Erica Grant, a doctoral student at the University of Tennessee, Knoxville, spent the fall semester taking an undergraduate class in the Haslam College of Business that might change the course of her career. Haslam’s Product Development class helped her find a practical, marketable application for her research in quantum information.
Through the class, Fisher Professor of Innovative Learning, Ernie Cadotte, challenged students to guide a product from ideation to prototyping and customer trial.
“When students are engaged in the full process, things come up naturally that they wouldn’t have considered,” Cadotte says. “We give them guidance, but experience is the real teacher. On the first day, they choose one of three technologies to turn into products, and they pretty much take it from there.”
Two student groups leveraged technologies presented by area researchers. Grant had the unique distinction of presenting and working with her own technology—the quantum seal—and naturally became that product development team’s leader.
“An entrepreneurship course like this was exactly what I needed to help figure out how to take things that are theoretical and give them a marketable use,” Grant says.
Her team created a smart lock that uses technology measuring photon pairs to create random numbers. While smart locks, which use a digital code to unlock, are much more secure than physical locks with keys, they have a major vulnerability that has inhibited their growth.
“A computer isn’t strictly capable of creating anything random,” Grant says. “Any number it generates is based on an algorithm. So, if you figure out that algorithm, you can open any smart lock that uses it. That could mean every smart lock in a product line or every one ever sold by a particular company.”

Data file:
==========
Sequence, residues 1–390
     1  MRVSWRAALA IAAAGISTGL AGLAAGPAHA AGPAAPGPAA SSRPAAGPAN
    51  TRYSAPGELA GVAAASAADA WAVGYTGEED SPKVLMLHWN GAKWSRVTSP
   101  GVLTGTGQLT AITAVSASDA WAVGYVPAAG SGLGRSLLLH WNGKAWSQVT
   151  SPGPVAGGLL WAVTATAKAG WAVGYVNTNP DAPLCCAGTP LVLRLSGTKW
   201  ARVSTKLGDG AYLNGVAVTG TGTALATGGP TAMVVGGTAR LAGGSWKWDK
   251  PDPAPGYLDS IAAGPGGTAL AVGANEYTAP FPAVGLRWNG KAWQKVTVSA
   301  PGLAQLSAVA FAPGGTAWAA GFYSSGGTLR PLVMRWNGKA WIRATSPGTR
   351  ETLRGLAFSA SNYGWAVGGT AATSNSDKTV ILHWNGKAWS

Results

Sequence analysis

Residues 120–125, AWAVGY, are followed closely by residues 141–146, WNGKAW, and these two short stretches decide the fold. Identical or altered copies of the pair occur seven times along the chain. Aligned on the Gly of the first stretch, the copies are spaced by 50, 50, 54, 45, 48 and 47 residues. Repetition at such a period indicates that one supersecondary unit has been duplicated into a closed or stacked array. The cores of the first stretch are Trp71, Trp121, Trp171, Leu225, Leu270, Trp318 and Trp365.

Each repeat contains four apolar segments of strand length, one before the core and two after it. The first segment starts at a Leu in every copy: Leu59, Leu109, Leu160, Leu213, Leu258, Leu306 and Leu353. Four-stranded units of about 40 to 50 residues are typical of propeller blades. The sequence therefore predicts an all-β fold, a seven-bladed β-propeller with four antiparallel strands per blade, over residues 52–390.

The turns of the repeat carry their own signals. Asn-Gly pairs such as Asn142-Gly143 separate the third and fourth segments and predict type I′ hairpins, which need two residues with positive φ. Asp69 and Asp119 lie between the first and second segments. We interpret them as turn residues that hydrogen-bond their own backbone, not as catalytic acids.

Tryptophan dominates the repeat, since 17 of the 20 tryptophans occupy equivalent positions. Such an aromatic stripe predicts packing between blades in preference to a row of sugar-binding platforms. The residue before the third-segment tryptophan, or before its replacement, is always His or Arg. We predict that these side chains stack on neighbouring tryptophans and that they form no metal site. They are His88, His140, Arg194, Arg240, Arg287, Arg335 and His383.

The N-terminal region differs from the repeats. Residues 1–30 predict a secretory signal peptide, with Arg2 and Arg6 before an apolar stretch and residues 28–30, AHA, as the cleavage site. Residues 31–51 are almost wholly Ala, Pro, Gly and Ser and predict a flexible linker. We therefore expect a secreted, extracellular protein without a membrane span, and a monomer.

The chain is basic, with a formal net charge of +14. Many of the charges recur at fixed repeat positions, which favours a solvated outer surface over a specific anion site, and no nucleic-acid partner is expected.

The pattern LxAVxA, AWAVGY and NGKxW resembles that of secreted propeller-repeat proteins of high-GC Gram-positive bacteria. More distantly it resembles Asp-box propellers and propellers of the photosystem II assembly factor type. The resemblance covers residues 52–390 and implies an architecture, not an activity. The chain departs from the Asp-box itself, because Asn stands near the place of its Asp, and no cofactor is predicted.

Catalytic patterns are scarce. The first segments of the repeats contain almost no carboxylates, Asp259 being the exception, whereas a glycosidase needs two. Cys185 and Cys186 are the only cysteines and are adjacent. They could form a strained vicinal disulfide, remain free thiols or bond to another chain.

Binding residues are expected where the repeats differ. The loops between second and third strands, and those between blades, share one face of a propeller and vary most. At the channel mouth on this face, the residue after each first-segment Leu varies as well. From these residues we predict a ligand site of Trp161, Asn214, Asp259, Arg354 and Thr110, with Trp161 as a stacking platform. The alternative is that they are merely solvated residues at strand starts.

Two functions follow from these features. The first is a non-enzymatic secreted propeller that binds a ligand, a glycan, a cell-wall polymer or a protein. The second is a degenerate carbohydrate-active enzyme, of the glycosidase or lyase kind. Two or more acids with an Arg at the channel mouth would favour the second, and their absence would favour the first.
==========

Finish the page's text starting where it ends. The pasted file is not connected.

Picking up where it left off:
Light particles, however, have a 50 percent chance of being measured as a 0 or 1 at any given time. The smart lock Grant’s team invented strings together collections of these measurements to create a one-time pass key that is essentially untraceable each time the quantum smart lock is locked.
“My lab discovered a method for extracting these random numbers, and this is the application result,” she says. That result has a patent pending and interest from Chinese investors.
Another team developed designer eyewear that they also are hoping to launch in the real world using a new ultra-light metal.
“We researched the market for eyewear, and there was this product line where customers had to choose something stylish and comfortable in plastic or durable but heavy in metal,” says MacKenzie Howarth, a senior marketing major.
Howarth’s team designed a pair of glasses that mimicked the shape of plastic models with a built-in saddle bridge in the new, moldable metal that feels lighter and more confortable than plastic. When they presented it to judges that were exactly their target market at the end of the semester, all were interested.
“I realized how much research goes into marketing a product before it’s created and exactly why,” Howarth says. “We took our interview questions down to the most basic level to address concerns customers didn’t even know they had. I loved doing that.”
Howarth says the class opened her eyes to a broader range of job opportunities. Her teammate Briana Sproles uses the skills she developed in her current work as a marketing consultant for a start-up out of Houston.
“All of this experience in class has been incredibly valuable,” Sproles, a senior marketing major, says. “There are certain questions you always have to consider with new products and now I know those questions. I only have to find the answers.”
The third and final group in the class used 3-D printing to create a golf putter to PGA specifications with a head shaped like a power T. The team hopes that it might be a luxury gift, even one that the university could give to key supporters.
“The students’ goal for the semester was to create a working prototype of a marketable product using state-of-the-art technology from UT or ORNL,” says Cadotte. “It is a real testament to these students that all of them were able to achieve this goal, and their reward is seeing their ideas take shape in the real world.”